Author and teacher, Jerry McGill, presents an intimate memoir which discusses the events that led to his becoming a quadriplegic.
His life, like several others, Christopher Reeve and Joni Eareckson Tada, took a different road when circumstances changed the course of their lives forever.
On New Years Eve of 1981, thirteen year old McGill was walking home with a friend, when he was struck by the bullet of an unknown assailant, leaving him a quadriplegic for life. This memoir is a personal letter to his unknown assailant, who McGill calls Marcus.
The data surrounding violence and youth is alarming.
Since no two individuals experience stress in the same way, people disagree on a good definition.
In our fast-paced, hurried society it is difficult to avoid having stress in our lives. Some stress helps us aim high and reach our potential. Too much stress can cause us to become depressed and even sick.
Play is often thought as frivolous and only for children, but The National Institute for Play founded by Stuart Brown, M.D. recognizes that it is important for the productivity and health of all humans. There are thousands of ways to play both individually and with others.
Below find a few resources on play and stress reduction.
Over 150 people have used our Personalized Reading List service since we launched in December and we've received a lot of positive feedback. If you've wondered what to expect from a personalized reading list, here's your chance to peek behind the scenes! These recommendations come directly from lists our librarians have made for customers based on their reading preferences.
"Because you liked the intergenerational family connections in Robinson’s Gilead, you may enjoy The Brief Wondrous Life of Oscar Wao, by Junot Díaz. Spanning the entire 20th century, Díaz follows a family through a curse that’s passed from generation to generation. Really interesting characters, and though there are tragic aspects to the story, it is not a depressing read."
"It ought to concern every person, because it is a debasement of our common humanity. It ought to concern every community, because it tears at our social fabric. I’m talking about the injustice, the outrage, of human trafficking, which must be called by its true name -- modern slavery." -- President Barack Obama
For every triumph of human rights, there is a new corner of darkness somewhere in the world that needs the bright light of justice shone on it. And that light doesn't have to reach very far; Colorado is a hub for international human trafficking. A special task force has been formed to combat the problem.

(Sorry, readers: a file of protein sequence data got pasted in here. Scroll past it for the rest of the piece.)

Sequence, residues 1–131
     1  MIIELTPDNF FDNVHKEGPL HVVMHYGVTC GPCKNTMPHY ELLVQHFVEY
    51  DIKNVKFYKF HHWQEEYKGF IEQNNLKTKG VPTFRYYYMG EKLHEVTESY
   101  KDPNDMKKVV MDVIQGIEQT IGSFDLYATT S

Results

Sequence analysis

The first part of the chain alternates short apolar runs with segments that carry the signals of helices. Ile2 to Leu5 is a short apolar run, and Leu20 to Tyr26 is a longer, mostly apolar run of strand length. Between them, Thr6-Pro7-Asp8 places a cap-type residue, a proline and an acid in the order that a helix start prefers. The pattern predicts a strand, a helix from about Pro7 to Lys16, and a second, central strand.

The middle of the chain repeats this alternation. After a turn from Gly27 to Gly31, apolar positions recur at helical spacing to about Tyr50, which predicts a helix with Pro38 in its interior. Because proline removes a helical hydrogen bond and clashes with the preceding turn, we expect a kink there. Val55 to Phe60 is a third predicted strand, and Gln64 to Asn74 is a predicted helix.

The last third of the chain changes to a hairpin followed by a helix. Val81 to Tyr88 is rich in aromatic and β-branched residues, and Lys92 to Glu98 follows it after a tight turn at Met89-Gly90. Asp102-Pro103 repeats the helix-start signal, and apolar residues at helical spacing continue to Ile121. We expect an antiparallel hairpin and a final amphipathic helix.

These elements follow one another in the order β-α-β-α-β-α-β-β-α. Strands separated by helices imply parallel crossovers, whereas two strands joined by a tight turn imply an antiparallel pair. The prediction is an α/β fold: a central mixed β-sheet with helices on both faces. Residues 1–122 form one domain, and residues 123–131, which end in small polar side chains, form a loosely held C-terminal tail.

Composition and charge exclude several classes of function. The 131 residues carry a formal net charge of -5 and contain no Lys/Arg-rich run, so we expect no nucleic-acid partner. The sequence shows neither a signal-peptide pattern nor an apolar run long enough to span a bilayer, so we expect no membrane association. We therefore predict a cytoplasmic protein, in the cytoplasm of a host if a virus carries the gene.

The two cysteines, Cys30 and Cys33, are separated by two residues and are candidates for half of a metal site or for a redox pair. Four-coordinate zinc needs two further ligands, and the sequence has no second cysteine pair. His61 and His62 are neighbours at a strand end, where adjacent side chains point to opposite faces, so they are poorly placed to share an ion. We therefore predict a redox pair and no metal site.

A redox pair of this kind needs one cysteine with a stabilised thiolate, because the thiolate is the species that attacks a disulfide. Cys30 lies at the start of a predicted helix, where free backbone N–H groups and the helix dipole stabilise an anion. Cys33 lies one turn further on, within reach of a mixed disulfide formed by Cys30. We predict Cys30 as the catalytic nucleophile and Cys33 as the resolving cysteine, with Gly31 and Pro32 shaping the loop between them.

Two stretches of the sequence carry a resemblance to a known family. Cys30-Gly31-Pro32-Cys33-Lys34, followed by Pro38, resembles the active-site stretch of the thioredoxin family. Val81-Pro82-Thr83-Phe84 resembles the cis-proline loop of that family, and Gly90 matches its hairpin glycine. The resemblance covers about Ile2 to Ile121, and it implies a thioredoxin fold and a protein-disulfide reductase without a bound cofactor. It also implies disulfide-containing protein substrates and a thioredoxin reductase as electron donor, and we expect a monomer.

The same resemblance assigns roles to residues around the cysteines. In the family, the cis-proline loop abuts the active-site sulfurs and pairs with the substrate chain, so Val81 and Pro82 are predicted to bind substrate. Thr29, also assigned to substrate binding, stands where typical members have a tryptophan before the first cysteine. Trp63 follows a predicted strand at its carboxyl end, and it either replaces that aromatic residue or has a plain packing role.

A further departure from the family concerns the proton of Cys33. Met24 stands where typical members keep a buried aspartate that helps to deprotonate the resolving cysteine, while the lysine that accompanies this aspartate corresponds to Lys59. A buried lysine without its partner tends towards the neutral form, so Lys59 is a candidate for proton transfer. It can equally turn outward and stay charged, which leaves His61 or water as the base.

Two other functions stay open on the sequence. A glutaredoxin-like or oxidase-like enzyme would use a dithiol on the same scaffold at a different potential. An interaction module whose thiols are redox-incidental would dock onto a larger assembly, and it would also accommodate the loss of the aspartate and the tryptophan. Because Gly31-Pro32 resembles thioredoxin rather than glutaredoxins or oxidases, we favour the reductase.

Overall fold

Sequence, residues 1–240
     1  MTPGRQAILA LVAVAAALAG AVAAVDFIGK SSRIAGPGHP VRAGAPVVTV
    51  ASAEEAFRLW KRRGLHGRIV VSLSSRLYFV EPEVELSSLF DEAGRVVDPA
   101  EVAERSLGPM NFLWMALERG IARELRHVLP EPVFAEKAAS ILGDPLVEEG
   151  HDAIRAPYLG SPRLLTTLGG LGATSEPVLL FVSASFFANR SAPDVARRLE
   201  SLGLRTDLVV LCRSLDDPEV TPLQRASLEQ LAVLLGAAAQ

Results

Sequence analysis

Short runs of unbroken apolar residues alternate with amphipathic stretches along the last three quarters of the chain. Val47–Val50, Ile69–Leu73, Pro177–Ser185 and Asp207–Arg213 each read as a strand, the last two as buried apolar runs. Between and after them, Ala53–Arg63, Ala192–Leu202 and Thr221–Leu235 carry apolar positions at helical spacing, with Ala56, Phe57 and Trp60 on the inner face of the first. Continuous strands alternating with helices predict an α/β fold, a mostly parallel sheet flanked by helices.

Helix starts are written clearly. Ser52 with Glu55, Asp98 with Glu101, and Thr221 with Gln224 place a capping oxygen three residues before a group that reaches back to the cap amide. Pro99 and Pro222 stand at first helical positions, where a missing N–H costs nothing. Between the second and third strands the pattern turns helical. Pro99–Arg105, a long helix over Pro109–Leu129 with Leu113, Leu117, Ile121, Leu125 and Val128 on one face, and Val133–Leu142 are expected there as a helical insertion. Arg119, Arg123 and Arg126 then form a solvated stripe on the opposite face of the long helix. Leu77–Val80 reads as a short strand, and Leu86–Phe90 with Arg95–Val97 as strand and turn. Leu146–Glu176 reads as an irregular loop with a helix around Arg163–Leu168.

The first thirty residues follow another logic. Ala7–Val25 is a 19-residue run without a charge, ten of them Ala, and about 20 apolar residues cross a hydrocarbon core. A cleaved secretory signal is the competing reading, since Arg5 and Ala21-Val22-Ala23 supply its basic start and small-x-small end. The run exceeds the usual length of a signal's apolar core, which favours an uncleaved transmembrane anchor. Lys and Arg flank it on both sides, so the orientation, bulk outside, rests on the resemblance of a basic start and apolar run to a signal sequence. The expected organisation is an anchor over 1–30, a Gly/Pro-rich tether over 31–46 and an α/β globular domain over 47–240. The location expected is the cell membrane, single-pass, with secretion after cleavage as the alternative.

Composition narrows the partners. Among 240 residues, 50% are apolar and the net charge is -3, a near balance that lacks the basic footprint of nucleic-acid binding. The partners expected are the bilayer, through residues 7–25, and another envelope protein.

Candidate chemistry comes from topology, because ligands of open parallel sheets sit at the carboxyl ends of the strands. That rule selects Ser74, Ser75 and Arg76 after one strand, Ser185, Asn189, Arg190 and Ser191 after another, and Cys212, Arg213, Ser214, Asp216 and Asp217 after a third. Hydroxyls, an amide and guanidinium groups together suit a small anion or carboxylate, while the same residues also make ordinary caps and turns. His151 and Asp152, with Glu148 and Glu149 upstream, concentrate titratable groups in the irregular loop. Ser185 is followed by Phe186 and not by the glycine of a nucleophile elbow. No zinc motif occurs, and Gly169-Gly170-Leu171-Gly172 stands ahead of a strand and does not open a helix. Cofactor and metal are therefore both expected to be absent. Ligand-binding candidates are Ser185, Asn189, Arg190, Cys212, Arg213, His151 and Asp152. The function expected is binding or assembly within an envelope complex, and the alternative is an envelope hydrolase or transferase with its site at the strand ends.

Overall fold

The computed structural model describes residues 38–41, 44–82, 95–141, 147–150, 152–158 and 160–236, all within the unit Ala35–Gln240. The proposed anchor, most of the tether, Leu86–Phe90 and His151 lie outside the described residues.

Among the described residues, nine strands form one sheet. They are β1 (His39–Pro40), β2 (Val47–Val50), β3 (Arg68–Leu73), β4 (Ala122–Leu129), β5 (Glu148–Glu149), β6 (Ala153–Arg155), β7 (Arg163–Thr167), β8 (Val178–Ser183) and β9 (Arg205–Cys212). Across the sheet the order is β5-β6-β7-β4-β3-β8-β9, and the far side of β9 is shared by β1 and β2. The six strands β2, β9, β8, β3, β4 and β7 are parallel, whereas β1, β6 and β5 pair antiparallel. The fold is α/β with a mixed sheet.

Read up. Knowledge is empowering: many contemporary authors, both fiction and nonfiction, are reporting on this heartbreaking subject.
The Fresh City Life My Branch Colorado Author Series presents Paula Mitchell, author of Exploring Colorado Wineries on Monday, February 11 at 6:30 p.m. at the Schlessman Family Branch.
Mitchell will focus this presentation on wine fundamentals and organizing your Colorado wine tour, and will help you increase your wine knowledge and gain confidence in pairing wine with your favorite foods. Discover the incredible spectrum of Colorado's 125 wineries and tasting rooms. Sharpen your understanding of the "Five S's" of wine tasting. Expand your wine tasting vocabulary through the Wine Aroma Wheel. Learn the fine art of tasting room exploration. She'll make you want to start exploring!
While television food competitions like Top Chef, Hell's Kitchen, and Chopped can be fun to watch, the most prestigious food competition is widely believed to be the Bocuse d'Or, held every other year in Lyon, France.
The 2013 contest was held just this week, and the team from the United States finished a respectable 7th in the field of teams from all over the world. Check out the NPR story on this year's U.S. team and how they trained here.
Whether you aspire to participate in such a competition someday, or just like to read about how cooking contests work, the library has some items to get you started.
Looking for book suggestions for your child? You’re in luck; it’s award season. Every year the American Library Association chooses the best books for children in a variety of categories. The staff here at the library held our own mock award sessions to see if we could predict this year's winners. Here are our results...
This year marks the 75th anniversary for the Caldecott Medal. Named for nineteenth-century English children's book illustrator, Randolph Caldecott, this award is given "to the artist of the most distinguished American picture book for children." Medal Winner:More by I.C. Springman, illustrated by Brian Lies